Published October 12, 2018 This content is archived.
Many of us have heard of geriatric medicine before, but few people know all it entails. Geriatric Medicine is one of the most complex specialties in health care. From finding a physician to having numerous chronic illnesses, older adults face many difficulties when as they age.
Geriatric Medicine is a specialty that provides care specifically to people 65 years and older. Specialty care is imperative for older adults because about 65 percent of Medicare beneficiaries have two or more chronic diseases and 43 percent have three or more, according to healthinaging.org. Having multiple diseases results in older patients taking multiple prescriptions and receiving assistance from a variety of doctors.
There are many chronic illnesses and geriatric syndromes that lead to patients receiving more than one medication. Daniel Morelli, MD, who specializes in Family Medicine and Geriatric Medicine, provides insight into some of the most common conditions. Geriatric conditions include:
Although there are many health problems that develop as people age, several general approaches can help slow the progression of common conditions. Dr. Morelli, who is also the president of UBMD Family Medicine and chair of the Department of Medicine at the Jacobs School of Medicine and Biomedical Sciences at the University at Buffalo, recommended activities, such as intellectual challenges and physical conditioning.
The two leading obstacles regarding Geriatric Care are finding physicians and taking multiple medications. Finding a physician can be difficult because of the coordination involved with assisting older adults who may have complex health conditions. Most geriatric patients see a variety of doctors, ranging from nutritionists to physical therapists. In addition to seeing multiple doctors, taking more than one medication is often required. Receiving medication for a condition is typically viewed as beneficial for the patient; however, too many medications can be problematic without proper oversight, which should be provided by a family medicine/geriatric physician. For example, a medication that may be beneficial for one condition may exacerbate another.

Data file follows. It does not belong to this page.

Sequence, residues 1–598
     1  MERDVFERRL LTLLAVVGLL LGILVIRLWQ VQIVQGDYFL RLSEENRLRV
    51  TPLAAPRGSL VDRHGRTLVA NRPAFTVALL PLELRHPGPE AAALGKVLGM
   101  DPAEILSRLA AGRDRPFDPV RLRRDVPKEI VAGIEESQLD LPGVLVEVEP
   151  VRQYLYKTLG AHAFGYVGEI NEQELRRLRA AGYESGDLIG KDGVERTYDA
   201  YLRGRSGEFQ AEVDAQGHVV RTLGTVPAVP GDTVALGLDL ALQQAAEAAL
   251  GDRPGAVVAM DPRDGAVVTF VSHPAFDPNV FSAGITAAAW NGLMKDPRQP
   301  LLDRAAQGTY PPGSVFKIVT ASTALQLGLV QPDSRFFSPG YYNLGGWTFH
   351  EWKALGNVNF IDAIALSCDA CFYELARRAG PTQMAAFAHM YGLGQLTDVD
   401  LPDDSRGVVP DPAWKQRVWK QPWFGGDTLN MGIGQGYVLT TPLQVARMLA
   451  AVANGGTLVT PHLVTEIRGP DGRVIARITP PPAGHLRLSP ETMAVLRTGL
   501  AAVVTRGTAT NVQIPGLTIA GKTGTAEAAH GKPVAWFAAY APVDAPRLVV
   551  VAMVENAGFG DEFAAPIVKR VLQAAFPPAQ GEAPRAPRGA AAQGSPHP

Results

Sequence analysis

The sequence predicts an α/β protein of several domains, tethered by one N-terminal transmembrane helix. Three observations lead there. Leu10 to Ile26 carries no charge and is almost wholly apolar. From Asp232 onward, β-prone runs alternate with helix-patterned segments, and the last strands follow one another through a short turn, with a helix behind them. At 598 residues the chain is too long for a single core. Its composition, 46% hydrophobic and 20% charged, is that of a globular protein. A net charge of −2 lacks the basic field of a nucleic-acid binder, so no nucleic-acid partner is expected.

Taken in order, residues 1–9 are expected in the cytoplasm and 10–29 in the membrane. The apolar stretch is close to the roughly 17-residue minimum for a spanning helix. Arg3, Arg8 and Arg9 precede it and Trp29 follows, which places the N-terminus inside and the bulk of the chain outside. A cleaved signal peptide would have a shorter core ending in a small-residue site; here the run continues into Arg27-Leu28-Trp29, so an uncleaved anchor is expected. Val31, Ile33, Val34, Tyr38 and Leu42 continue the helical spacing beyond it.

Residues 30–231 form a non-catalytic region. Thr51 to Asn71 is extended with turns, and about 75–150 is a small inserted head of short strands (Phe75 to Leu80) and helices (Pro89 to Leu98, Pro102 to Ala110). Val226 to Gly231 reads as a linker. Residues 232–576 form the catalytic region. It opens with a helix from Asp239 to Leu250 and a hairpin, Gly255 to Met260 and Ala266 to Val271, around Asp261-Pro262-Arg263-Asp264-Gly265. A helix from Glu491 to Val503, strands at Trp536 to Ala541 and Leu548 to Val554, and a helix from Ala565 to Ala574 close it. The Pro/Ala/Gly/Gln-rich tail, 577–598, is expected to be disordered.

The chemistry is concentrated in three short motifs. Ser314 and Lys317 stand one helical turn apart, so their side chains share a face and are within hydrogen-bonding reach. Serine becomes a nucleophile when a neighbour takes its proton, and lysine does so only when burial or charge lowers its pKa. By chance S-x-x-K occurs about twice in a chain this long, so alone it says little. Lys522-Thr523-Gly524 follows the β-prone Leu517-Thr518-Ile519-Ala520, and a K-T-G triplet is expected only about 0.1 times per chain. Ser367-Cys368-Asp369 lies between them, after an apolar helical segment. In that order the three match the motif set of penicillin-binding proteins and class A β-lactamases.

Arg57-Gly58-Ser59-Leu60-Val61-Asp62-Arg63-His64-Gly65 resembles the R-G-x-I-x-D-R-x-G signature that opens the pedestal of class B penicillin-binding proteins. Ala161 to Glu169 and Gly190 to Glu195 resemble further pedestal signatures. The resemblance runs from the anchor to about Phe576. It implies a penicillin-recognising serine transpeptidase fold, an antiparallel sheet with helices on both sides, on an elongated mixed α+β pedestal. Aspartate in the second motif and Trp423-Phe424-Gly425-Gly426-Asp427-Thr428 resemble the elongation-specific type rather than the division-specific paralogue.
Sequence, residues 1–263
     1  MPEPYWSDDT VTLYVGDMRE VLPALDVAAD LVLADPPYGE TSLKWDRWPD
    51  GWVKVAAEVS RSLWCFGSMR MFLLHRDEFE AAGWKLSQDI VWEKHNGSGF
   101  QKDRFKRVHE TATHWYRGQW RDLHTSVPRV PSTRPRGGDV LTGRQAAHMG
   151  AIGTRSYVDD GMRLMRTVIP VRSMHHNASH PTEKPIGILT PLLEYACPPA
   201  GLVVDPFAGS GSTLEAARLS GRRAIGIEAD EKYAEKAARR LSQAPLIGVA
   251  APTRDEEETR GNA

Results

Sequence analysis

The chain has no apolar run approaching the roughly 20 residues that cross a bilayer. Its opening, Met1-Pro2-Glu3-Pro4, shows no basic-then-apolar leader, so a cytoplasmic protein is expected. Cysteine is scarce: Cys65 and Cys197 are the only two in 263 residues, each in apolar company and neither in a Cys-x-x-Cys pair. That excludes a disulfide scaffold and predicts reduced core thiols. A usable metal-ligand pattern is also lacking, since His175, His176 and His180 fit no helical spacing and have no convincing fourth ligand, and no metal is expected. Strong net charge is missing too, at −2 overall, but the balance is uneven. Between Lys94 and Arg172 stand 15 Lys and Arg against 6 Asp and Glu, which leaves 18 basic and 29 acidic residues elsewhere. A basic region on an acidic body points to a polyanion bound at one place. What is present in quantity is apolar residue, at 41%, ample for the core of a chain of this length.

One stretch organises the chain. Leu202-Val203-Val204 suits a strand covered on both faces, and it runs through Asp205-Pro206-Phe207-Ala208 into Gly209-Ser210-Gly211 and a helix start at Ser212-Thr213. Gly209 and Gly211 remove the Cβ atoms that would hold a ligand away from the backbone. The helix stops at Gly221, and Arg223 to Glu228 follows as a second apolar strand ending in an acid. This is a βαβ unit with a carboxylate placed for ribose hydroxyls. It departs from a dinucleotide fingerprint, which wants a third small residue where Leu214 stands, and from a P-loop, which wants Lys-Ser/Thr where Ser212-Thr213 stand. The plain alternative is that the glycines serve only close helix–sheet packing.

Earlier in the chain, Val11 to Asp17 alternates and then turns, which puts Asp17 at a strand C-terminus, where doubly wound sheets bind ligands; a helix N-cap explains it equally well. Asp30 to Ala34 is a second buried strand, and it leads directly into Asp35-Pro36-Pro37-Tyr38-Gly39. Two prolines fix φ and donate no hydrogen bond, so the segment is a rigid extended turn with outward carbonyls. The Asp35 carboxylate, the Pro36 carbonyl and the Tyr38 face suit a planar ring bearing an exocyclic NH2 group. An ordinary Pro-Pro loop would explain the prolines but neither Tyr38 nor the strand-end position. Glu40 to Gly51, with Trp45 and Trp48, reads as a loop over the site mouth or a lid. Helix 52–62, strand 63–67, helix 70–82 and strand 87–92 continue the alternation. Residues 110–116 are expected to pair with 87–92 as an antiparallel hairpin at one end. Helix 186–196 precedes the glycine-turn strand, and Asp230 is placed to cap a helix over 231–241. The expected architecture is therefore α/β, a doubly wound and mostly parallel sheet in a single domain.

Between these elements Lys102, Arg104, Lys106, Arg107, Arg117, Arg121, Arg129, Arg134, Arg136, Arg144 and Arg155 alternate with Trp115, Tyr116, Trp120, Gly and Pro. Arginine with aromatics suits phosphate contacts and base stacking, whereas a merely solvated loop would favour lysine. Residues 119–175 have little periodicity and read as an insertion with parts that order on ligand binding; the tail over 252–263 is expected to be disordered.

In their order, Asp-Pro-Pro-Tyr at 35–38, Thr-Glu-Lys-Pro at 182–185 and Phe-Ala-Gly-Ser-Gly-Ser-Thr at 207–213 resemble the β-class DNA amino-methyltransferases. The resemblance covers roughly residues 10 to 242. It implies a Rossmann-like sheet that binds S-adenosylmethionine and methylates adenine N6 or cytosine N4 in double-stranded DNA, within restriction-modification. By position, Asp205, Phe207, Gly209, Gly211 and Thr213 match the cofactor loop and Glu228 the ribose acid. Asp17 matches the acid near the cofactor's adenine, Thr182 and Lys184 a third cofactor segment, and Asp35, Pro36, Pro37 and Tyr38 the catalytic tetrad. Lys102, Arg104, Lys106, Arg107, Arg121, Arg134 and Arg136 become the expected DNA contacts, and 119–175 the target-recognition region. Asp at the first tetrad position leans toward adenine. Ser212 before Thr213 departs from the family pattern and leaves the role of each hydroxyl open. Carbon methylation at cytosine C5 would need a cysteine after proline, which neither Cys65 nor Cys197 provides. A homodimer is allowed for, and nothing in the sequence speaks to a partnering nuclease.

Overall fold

There are other aspects to geriatric care that do not involve medications or treatments. It is imperative for older adults to maintain social contact. Dr. Morelli says, "family support properly directed can be helpful." While family and social support isn't an official treatment for diseases, it does play a significant role in geriatric health. Research from the National Institute on Aging website has shown that social interaction can promote the well-being of older adults.
Finding a physician may seem hard but UBMD has you covered. Physicians at UBMD Family Medicine can help. If you have questions or concerns about geriatric care, or need to schedule an appointment, call 716.688.9641.